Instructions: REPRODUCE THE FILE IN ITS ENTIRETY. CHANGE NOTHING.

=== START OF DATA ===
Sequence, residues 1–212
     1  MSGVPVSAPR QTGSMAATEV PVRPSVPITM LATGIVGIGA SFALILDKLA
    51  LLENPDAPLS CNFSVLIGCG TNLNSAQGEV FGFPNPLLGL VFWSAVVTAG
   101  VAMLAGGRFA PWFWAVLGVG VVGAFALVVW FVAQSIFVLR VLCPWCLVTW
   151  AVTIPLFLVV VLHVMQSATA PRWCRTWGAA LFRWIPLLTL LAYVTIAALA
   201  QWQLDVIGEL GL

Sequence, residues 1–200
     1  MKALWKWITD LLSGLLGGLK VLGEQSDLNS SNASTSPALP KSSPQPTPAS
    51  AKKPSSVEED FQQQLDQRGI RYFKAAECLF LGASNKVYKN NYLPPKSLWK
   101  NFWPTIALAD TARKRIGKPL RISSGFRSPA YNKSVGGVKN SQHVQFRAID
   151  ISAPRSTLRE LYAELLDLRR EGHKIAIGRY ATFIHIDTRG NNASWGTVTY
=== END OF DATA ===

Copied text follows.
Sequence, residues 1–212
     1  MSGVPVSAPR QTGSMAATEV PVRPSVPITM LATGIVGIGA SFALILDKLA
    51  LLENPDAPLS CNFSVLIGCG TNLNSAQGEV FGFPNPLLGL VFWSAVVTAG
   101  VAMLAGGRFA PWFWAVLGVG VVGAFALVVW FVAQSIFVLR VLCPWCLVTW
   151  AVTIPLFLVV VLHVMQSATA PRWCRTWGAA LFRWIPLLTL LAYVTIAALA
   201  QWQLDVIGEL GL

Sequence, residues 1–200
     1  MKALWKWITD LLSGLLGGLK VLGEQSDLNS SNASTSPALP KSSPQPTPAS
    51  AKKPSSVEED FQQQLDQRGI RYFKAAECLF LGASNKVYKN NYLPPKSLWK
   101  NFWPTIALAD TARKRIGKPL RISSGFRSPA YNKSVGGVKN SQHVQFRAID
   151  ISAPRSTLRE LYAELLDLRR EGHKIAIGRY ATFIHIDTRG NNASWGTVTY